United States District Court, W.D. Wisconsin
OPINION AND ORDER
D. PETERSON DISTRICT JUDGE.
plaintiff Fradario Brim is a Muslim prisoner incarcerated at
Wisconsin Secure Program Facility. He brings First, Eighth,
and Fourteenth Amendment against officials at his former
institution, Green Bay Correctional Institution, for
allegedly conspiring to punish him for his religious
practices and legal activity.
filed a motion for partial summary judgment based on
Brim's failure to exhaust his administrative remedies
regarding some of his claims against them. Among the claims
they asked the court to dismiss were Brim's First
Amendment retaliation and substantive due process claims
against prison officials Christopher Stevens and Jay Van
Lanen for allegedly issuing a false conduct report against
Brim and bribing inmates for fabricated inculpatory testimony
about him. Defendants asserted that Brim failed to raise
these issues as defenses at his disciplinary hearing and on
appeal to the warden, as is required to exhaust conduct
response, Brim argued that he indeed raised his grievances at
these junctures even though there was no corroborating
documentation in the underlying record. He explained that the
hearing officer had intentionally failed to note the
objections Brim raised during the hearing on the hearing
form. He also insisted that he had included a two-page
written statement stressing his claims of fabrication and
retaliation in his appeal to the warden, despite the absence
of this statement from the institution's records of his
appeal. Brim attached what he said was a copy of this missing
statement to his opposition brief. Dkt. 31-1, at 11-12. In
reply, defendants said they had no record of Brim ever
submitting this document.
an evidentiary hearing on February 27, 2019 to resolve these
and other exhaustion-related issues. Findings from that
hearing are summarized in a previous order. See Dkt.
73. Regarding the claims against Sevens and Van Lanen, I
found by a preponderance of the evidence that Brim had not
raised his allegations orally during the hearing or in
writing on appeal to the warden. I explained the various
factors that led me to conclude that Brim was being
untruthful, including credible testimony from Brim's
staff advocate that Brim had not raised objections about
retaliation at the hearing and implausible, inadequately
explained discrepancies in Brim's written appeal
documents. See id., at 3-6. I ultimately concluded
that the two-page document Brim said he submitted to the
warden was fabricated, and that he did not in fact submit it
along with his other appeal documents. So I dismissed
Brim's First Amendment and substantive due process claims
against Stevens and Van Lanen.
now ask me to dismiss Brim's entire case with prejudice
and assess him a strike under 28 U.S.C. § 1915(g) as a
sanction for his untruthful testimony and fabricated appeal
document. Dkt. 75. “A district court has inherent power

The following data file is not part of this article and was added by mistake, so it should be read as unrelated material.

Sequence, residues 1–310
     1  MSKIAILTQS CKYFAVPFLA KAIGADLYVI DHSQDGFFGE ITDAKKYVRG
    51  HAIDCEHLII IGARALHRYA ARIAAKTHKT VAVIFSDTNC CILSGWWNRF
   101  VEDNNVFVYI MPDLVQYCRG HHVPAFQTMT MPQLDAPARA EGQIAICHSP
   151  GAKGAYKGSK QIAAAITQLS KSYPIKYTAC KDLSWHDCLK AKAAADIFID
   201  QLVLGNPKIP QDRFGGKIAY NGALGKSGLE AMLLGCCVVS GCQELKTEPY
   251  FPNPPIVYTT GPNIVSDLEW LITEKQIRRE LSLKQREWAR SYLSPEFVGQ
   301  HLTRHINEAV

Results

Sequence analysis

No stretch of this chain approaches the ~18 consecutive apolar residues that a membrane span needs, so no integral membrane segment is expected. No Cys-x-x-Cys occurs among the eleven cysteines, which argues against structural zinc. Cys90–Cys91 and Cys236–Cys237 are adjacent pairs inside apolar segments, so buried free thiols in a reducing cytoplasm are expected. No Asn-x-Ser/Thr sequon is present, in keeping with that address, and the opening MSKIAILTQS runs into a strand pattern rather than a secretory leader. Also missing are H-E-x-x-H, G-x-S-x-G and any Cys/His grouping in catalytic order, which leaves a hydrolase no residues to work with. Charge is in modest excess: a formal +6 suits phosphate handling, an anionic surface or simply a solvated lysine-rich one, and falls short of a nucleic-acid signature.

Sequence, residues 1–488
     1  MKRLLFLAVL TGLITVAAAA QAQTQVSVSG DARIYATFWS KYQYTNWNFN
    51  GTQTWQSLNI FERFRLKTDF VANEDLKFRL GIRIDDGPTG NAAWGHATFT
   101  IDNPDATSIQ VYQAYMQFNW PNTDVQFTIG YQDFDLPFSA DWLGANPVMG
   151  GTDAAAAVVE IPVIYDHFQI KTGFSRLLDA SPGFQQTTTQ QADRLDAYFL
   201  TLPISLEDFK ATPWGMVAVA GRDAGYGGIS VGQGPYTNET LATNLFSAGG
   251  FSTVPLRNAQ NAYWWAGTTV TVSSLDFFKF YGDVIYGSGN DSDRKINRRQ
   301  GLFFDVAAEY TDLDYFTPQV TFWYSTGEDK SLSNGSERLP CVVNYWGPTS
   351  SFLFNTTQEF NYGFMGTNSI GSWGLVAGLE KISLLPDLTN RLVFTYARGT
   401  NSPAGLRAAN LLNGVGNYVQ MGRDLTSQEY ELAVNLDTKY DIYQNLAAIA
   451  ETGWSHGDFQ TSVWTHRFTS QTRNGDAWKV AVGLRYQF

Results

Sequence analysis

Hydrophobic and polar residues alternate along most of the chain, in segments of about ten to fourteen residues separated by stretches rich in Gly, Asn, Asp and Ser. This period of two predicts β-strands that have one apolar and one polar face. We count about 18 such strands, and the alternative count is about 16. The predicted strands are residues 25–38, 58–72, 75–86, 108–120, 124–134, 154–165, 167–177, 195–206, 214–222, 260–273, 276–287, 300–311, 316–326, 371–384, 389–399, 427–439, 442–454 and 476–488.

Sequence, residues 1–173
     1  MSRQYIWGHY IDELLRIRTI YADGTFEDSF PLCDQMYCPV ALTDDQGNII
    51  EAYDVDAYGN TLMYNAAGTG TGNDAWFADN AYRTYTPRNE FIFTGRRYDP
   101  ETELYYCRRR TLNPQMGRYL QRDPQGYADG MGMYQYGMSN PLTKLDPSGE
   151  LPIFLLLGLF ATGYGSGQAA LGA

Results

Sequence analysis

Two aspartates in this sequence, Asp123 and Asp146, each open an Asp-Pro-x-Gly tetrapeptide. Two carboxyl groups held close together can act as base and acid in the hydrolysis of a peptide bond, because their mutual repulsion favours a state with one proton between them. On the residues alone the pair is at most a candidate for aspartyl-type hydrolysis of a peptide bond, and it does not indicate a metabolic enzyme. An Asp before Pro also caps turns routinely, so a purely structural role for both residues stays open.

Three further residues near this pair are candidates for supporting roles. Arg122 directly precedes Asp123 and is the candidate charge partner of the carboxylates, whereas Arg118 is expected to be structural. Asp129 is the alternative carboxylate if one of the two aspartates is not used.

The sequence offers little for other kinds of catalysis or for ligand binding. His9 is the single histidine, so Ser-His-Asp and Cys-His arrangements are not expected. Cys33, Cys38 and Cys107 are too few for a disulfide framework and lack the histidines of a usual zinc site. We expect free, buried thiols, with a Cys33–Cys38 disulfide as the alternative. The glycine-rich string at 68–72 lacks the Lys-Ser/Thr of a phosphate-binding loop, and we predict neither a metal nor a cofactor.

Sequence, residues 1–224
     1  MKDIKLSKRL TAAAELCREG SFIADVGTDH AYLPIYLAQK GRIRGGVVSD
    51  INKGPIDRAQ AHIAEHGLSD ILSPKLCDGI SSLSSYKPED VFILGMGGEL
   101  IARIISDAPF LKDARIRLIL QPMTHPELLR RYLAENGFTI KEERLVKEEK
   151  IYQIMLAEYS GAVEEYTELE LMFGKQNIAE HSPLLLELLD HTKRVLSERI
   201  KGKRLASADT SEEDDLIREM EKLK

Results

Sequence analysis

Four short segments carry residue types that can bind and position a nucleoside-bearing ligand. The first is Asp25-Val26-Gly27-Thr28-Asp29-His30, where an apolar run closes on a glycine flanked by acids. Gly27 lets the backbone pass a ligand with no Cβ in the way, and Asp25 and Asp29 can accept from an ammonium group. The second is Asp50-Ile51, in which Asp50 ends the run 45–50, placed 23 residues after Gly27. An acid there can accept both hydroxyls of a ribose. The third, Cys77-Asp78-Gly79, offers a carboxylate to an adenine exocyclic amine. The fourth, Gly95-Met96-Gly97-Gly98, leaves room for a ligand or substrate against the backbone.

to sanction a party who ‘has willfully abused the
judicial process or otherwise conducted litigation in bad
faith.'” Secrease v. W. & S. Life Ins.
Co., 800 F.3d 397, 401 (7th Cir. 2015) (quoting
Salmeron v. Enterprise Recovery Sys., Inc., 579 F.3d
787, 793 (7th Cir. 2009)). I have already found by a
preponderance of the evidence that Brim was untruthful in his
testimony and in documents he submitted to the court, so I
conclude that sanctions are appropriate. See Ramirez
v. T&H Lemont, Inc., 845 F.3d 772, 778-81 (7th Cir.
2016), cert. denied, 138 S.Ct. 116 (2017).
next question is what sanctions should be imposed. Defendants
ask that I dismiss the case with prejudice. I am required to
consider other, lesser sanctions before dismissing the case,
see Rivera v. Drake, 767 F.3d 685, 686 (7th Cir.
2014), but I conclude that a lesser sanction would not be
effective. For instance, Brim is proceeding in forma
pauperis, so it is unlikely that a monetary sanction
would work. See Id. at 687. Brim suggests that
dismissing some of his claims on exhaustion grounds is a
sanction enough in itself, but that is plainly inadequate.
Were it not for Brim's false statements, his claims would
have been dismissed on exhaustion grounds without the need
for an evidentiary hearing, so the post-hearing dismissal of
those claims doesn't provide any incentive for Brim to be
truthful in the future.
conclude that it is appropriate to dismiss the entire case as
a sanction for submitting false evidence of exhaustion. This
is consistent with my practice in other cases. See,
e.g., Howell v. Broadbent, No. 16-cv-477-JDP,
2018 WL 2223668, at *3 (W.D. Wis. May 15, 2018). Defendants
ask that I also issue a strike under 28 U.S.C. §
1915(g). I think a strike would be warranted under the
circumstances here, but I do not believe that a strike is
authorized by the terms of the statute. But Brim should be
aware that if he commits any misconduct in the future, I will
impose harsher sanctions, which will include dismissal of all
pending cases and a bar on filing cases in this court.
case is DISMISSED with prejudice for plaintiff Fradario
clerk of court is directed to enter judgment for defendants
and close the case. Entered April 4, 2019.